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Omnia mea mecum porto.[1]

All that is mine I carry with me.

Emblema xxxvii.

Hunnus inops, Scythicíque miserrimus accola Ponti,[2]
Ustus perpetuo livida membra gelu:
Qui Cereris non novit opes, nec dona Lyaei,[3]
Et pretiosa tamen stragula semper habet.
Nam murinae illum perstringunt undique pelles:
Lumina sola patent, caetera opertus agit.
Sic furem haud metuit, sic ventos temnit & imbres;
Tutus apúdque viros, tutus apúdque Deos.

The impoverished Hun, wretched dweller beside the Scythian Sea, whose limbs are always blue and burnt by frost, has no knowledge of Ceres’ bounty or of the gifts of Lyaeus, yet he always has luxurious wraps. Ermine furs hug him round on every side; only his eyes are visible, he spends his life covered everywhere else. So he has no fear of the thief, he pays no attention to wind and rain, safe in the presence of men and in the presence of gods.

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EXemplar huius Emblematis ductum est è Cor-
nelii Taciti
extremo libro de moribus Germa-
norum
, ubi Fennos[4] describit, mira feritate ac pau-
pertate homines, quibus neque arma, neque equos,
neque penates fuisse dicit: quibus etiam pro victu
herbam, pro vestitu pelles, pro cubili humum. Quod
vitae genus beatius arbitrantur, quàm agris inge-
mere, illaborare domibus, suas alienásque fortunas
spe metúque versare. securos adversus homines, se-
curos adversus deos, haec ferè Tacitus. Quam ta-
men historiam accommodat Alciatus apophthe-
gmati Biantis,[5] ut significet animum hominis esse
beatissimum qui non pendeat ab iis quae caduca
sunt & fortuita, ut quae sollicitudines sanè multas
pariant: sed ea imprimis appetenda, in iísque con-
sistendum quae facilis natura nobis est elargita, vel
quae ab animo proficiscuntur.

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Je porte tout quant & moy.

LE Hun pauvre & chetif, sans avoir, sans pouvoir,
Hantant la mer Scythiq’, miserable à le voir,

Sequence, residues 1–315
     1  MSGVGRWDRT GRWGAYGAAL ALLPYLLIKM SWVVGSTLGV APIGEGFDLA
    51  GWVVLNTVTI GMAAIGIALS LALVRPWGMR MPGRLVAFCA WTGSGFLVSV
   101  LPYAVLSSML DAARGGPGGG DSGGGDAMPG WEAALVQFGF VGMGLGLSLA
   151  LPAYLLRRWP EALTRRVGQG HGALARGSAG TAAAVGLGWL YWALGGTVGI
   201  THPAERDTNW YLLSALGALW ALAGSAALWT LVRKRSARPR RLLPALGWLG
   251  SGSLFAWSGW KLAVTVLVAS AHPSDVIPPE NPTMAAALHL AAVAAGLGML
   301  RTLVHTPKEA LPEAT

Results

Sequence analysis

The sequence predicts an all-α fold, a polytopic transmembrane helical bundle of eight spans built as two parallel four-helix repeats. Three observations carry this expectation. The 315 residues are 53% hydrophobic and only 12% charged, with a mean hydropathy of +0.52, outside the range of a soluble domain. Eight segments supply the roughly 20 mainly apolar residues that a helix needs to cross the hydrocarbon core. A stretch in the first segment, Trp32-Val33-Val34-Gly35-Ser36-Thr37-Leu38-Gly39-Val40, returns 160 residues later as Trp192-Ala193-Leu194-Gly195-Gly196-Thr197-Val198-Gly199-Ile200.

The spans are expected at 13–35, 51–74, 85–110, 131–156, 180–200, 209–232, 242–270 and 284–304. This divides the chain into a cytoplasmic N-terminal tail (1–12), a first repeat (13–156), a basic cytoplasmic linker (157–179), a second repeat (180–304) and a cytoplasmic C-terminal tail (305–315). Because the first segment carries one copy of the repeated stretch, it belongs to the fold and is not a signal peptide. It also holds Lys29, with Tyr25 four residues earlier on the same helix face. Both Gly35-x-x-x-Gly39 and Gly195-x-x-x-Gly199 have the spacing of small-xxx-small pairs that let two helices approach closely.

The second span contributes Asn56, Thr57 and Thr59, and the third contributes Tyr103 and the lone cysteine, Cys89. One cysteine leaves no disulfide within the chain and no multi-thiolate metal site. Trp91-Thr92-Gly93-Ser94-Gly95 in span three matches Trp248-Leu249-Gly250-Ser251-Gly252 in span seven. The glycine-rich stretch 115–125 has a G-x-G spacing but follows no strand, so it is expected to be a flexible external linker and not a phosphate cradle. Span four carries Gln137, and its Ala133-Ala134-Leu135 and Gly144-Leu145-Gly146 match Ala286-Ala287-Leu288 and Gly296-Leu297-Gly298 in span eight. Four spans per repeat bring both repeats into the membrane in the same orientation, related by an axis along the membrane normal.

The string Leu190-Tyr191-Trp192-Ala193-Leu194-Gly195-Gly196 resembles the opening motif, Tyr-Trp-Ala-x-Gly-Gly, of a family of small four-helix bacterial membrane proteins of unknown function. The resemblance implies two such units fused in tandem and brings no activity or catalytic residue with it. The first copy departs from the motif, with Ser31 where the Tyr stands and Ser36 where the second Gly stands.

Bruslé du froid pointu en tous ses membres palles,
Endurant le frisson des rigueurs glacialles:
Qui ne cogneut jamais que c’est que vin ou pain,
Toutefois a des peaux, exquises pour certain,
Dont il se vest par tout: ne monstrant que les yeux.
Tellement equippé il faict tout pour le mieux:
Car de larrons n’a doubte, ou de vents ou tempestes,
Il ne craint nullement les hommes ny les bestes.
Ainsi de tous costez, par tout le corps fourré,
Et de hault & d’embas il se trouve asseuré.

LE modelle de cest Embleme est tiré de
la fin du livre que Cornelius Tacitus a
escrit des moeurs & façons de vivre des Ger-
mains
, là où il descrit les Fennes, hommes
fort sauvages & pauvres: lesquels n’ont ny
armes, ny chevaux, ny maisons, ainsi qu’il
rapporte. Car pour leur vivre ils usent
d’herbe: pour vestemens, ils ont des peaux:
la terre dure leur sert de lict. Laquelle ma-
niere de vivre ils estiment bien plus heu-
reuse, que se chagriner à cultiver la terre,
Link to an image of this page  Link to an image of this page  [G8v f56v]que se travailler à bastir maisons, & re-
muer ou debattre ses moyens propres &
ceux d’autruy avec esperance & crainte. Il
dit en outre que telle maniere de gens par
ce moyen ne craint ny les dieux, ny les hom-
mes. Laquelle histoire toutesfois Alciat ac-
commode au notable propos de Bias, vou-
lant dire que l’esprit de l’homme est tres-
heureux, qui ne despend point des choses
perissantes & subjectes à la fortune, lesquel-
les amenent quant & elles beaucoup de
soucis: mais qu’il fault sur tout desirer, &
s’arrester aux choses que nature nous a de-
parties bien aisément, & qui viennent de
l’esprit.

Notes:

1.  These words, (according to Cicero, Paradoxa Stoicorum, 1.8, and Seneca, Epistulae morales, 9.19), were used by the philosophers Bias and Stilbo, when they had apparently lost everything; also by the poet Simonides when shipwrecked (Phaedrus, 4.22.14).

2.  The Pontus Scythicus was one Classical name for the Black Sea (a.k.a. Pontus Euxinus), on the northern shores of which dwelt various barbarian tribes, from Scythians to Goths to Huns.

3.  Cereris...opes,...dona Lyaei, ‘Ceres’ bounty...gifts of Lyaeus’, i.e. corn and wine, given to mankind by Ceres and Bacchus (Lyaeus, the relaxer, or deliverer from care).

4.  The Fenni were a people described by Tacitus in the far north, most likely the Finnic peoples, Finns or Sami.

5.  Bias of Priene, one of the Seven Sages of the ancient Greek world.


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